Republican Women host commission candidates

Douglas County Republican Women heard all six active Douglas County Commission candidates on May 1. Photo special to The R-C by Paige Shaw

Douglas County Republican Women heard all six active Douglas County Commission candidates on May 1. Photo special to The R-C by Paige Shaw

All six active Douglas County commissioner candidates spoke at a full house of Douglas County Republican Women on Wednesday. It was the first time in the campaign all the candidates were in the same room together.

The Republican Women asked four questions of the candidates and gave them 90 seconds to answer.

District 1 Commissioner Danny Tarkanian opened the session switching it up from the question, “What you think being a Republican means?” to talk about what being a county commissioner means.

“Most important is transparency,” he said, touting his multiple newsletters both before and after commission meetings.

He said he responds to every constituent complaint he receives and tries to solve their problems.

Challenger Jim McKalip said he has been going to commissioner meetings for years, offering public comment.

He has served on the County Board of Examiners and the Gardnerville Ranchos General Improvement District.

“You have to do your homework,” he said of the large amount of material required to be informed on the board. “I’ll work for you.”

Commissioner Mark Gardner pointed out that anything the county wants to do requires three votes.

“It’s not a one-man show,” he said. He said he was proud of his record and felt he’d achieved the things he promised when he ran in 2020.

Challenger Mike Tanner said he has a lot of experience managing projects. He included his recent experience on the Topaz Ranch Estates General Improvement District board.

“We’re finally getting on top of that,” he said. “I’m a fast study.”

Commission District 5 candidates Janet Freixas and Nate Tolbert both referred to infrastructure as the biggest threat to Douglas County.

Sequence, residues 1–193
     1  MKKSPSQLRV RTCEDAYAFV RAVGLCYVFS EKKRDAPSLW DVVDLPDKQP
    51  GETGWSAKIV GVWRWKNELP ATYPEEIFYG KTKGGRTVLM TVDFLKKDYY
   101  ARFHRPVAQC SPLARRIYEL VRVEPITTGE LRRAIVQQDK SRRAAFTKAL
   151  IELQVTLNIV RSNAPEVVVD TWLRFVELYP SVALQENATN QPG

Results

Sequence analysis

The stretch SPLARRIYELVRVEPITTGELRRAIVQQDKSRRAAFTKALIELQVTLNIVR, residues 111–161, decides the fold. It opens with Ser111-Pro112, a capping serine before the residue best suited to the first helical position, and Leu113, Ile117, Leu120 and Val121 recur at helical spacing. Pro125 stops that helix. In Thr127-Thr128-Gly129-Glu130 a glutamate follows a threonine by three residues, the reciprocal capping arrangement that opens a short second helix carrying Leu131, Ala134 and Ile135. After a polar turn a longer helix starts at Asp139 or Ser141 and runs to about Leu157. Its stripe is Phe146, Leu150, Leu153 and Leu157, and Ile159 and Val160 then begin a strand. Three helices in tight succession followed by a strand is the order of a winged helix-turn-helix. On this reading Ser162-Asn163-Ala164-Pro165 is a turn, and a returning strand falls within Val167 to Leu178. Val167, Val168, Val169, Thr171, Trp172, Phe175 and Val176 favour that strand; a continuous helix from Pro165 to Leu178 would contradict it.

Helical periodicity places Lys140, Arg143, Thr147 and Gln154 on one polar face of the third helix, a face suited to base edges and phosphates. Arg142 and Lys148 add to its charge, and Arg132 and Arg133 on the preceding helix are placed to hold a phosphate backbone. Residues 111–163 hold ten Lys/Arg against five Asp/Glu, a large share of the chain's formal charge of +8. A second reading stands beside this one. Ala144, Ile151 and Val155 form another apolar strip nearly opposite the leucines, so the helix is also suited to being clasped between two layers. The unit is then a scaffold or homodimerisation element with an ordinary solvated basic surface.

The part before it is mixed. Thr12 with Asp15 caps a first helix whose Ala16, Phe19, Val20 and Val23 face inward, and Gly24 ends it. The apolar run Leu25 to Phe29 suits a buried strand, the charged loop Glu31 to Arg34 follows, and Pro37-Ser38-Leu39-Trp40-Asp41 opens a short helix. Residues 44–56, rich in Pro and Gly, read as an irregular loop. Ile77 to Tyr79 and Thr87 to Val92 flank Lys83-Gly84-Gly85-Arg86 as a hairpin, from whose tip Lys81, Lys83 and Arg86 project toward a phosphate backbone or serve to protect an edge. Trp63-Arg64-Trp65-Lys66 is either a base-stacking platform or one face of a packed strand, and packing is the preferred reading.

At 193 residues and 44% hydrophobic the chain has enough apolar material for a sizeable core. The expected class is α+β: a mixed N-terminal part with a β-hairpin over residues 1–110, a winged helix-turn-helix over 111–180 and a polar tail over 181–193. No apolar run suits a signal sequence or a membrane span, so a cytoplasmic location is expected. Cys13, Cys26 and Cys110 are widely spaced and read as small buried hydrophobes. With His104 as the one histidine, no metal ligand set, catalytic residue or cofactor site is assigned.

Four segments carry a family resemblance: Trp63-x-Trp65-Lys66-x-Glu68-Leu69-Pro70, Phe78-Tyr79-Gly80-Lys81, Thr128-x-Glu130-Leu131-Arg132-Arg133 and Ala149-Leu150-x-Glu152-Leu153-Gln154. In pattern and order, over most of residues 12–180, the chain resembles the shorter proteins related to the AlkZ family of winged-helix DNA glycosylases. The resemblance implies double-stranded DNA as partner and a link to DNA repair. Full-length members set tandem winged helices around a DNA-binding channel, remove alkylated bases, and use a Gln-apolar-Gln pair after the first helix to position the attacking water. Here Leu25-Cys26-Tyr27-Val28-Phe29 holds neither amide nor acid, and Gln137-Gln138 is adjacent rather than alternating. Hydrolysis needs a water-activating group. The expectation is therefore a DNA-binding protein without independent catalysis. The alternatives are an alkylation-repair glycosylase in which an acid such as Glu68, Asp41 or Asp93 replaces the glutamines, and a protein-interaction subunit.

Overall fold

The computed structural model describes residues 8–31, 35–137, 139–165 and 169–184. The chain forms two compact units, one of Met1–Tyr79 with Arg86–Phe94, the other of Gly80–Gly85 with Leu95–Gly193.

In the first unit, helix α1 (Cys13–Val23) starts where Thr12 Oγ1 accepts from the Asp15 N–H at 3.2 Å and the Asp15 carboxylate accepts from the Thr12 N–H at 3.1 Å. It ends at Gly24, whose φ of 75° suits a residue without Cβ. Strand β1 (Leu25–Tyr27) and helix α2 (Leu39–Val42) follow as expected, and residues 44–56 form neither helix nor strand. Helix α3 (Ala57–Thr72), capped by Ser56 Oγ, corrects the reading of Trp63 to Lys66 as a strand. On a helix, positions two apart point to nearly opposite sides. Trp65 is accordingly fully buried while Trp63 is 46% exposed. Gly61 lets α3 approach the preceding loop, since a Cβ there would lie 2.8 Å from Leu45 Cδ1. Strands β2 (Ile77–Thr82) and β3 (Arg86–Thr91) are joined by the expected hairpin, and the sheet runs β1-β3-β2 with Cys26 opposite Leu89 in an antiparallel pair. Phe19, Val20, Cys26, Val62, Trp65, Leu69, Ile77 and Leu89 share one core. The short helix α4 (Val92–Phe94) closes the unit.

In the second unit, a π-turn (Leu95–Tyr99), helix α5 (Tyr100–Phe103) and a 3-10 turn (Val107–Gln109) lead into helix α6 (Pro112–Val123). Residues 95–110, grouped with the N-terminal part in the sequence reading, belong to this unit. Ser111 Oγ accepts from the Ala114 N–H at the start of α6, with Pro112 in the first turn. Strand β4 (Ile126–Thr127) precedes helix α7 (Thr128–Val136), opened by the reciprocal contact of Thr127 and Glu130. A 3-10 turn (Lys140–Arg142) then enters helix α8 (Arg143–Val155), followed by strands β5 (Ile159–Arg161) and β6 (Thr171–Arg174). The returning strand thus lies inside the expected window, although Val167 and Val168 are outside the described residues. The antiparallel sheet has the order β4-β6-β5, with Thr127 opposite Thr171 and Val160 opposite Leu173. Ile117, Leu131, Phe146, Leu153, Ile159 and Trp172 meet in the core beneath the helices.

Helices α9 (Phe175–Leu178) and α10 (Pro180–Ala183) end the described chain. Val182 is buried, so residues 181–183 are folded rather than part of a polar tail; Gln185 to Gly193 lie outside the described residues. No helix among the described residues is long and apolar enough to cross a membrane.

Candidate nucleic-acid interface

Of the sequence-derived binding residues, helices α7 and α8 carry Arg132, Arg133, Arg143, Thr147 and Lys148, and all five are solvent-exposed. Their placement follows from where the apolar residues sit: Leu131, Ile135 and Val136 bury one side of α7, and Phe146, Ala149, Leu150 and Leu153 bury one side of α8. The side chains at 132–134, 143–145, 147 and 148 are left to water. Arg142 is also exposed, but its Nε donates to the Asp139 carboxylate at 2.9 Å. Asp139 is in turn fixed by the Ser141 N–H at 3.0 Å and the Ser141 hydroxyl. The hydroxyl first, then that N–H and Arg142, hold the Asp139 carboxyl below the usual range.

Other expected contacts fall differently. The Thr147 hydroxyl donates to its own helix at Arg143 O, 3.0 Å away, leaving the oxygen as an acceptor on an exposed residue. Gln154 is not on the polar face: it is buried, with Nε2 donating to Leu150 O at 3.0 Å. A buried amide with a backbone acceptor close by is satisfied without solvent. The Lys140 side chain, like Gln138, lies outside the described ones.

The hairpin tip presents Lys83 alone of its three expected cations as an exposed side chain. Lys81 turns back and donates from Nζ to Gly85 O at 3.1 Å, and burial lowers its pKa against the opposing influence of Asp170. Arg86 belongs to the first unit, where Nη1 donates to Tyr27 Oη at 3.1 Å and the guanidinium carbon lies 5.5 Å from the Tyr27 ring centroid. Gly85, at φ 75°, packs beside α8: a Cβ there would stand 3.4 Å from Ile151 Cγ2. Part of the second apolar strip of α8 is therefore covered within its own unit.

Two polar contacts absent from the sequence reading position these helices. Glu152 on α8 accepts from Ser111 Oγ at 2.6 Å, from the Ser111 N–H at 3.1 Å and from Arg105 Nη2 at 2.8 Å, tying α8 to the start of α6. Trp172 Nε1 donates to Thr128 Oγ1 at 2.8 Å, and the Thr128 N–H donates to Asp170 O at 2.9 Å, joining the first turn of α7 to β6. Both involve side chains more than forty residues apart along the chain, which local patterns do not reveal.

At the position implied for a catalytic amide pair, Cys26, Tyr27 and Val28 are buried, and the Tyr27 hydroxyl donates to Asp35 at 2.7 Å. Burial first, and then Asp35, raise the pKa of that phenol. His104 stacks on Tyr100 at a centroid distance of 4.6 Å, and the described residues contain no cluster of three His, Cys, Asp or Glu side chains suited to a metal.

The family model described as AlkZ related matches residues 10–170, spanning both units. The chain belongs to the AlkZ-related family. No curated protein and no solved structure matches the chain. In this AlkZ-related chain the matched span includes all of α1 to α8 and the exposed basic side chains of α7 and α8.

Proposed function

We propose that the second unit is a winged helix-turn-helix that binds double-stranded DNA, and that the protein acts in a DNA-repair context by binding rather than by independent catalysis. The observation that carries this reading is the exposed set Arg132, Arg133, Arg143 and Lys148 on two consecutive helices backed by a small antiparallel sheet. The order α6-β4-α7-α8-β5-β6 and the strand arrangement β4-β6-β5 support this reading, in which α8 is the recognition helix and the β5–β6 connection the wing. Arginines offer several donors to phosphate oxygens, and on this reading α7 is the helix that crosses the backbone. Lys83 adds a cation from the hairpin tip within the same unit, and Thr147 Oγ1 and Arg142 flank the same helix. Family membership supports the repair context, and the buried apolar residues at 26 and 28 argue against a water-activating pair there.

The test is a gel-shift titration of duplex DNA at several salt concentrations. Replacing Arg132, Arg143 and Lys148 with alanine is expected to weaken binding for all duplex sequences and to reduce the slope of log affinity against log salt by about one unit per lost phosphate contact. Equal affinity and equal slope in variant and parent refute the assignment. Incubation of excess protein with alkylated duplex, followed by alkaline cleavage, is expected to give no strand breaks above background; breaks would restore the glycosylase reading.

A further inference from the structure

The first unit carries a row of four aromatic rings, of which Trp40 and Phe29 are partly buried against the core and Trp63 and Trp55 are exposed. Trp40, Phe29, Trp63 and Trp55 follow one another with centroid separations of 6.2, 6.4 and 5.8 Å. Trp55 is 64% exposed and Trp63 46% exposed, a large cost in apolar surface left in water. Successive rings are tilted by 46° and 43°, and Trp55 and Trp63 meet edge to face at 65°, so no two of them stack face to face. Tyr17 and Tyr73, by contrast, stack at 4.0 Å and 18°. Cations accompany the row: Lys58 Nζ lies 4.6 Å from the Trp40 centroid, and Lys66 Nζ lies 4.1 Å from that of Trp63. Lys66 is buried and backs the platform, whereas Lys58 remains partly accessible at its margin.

Freixas said she felt the flood plan that was approved by the county was a “wish list,” without any means to achieve it.

Tolbert said he has a significant investment here, having raised his children here over the past 30 years and operated a business.

He said the county needs to prepare for 10-20 years down the road.

Maintaining the county’s rural character was an important point for all six candidates.

A third candidate will appear on the primary ballot in the District 3 race, but Dean Paris publicly conceded the race in a letter published April 17 in The Record-Courier.

As of Wednesday, the Douglas County Clerk-Treasurer’s Office said there are 21,721 active Republicans registered to vote, amounting to 50.6 percent of the electorate.

With Nevada’s closed primary system, partisan candidates like county commissioner only appear on their party’s ballot.

All six candidates are expected to appear 5 p.m. May 22 at a Town Hall Forum at the Douglas County Community & Senior Center in Gardnerville. The forum is sponsored by the Business Council of Douglas County, the Carson Valley Chamber of Commerce, the Tahoe Chamber of Commerce and The Record-Courier. The newspaper will also publish its candidates guide that day.


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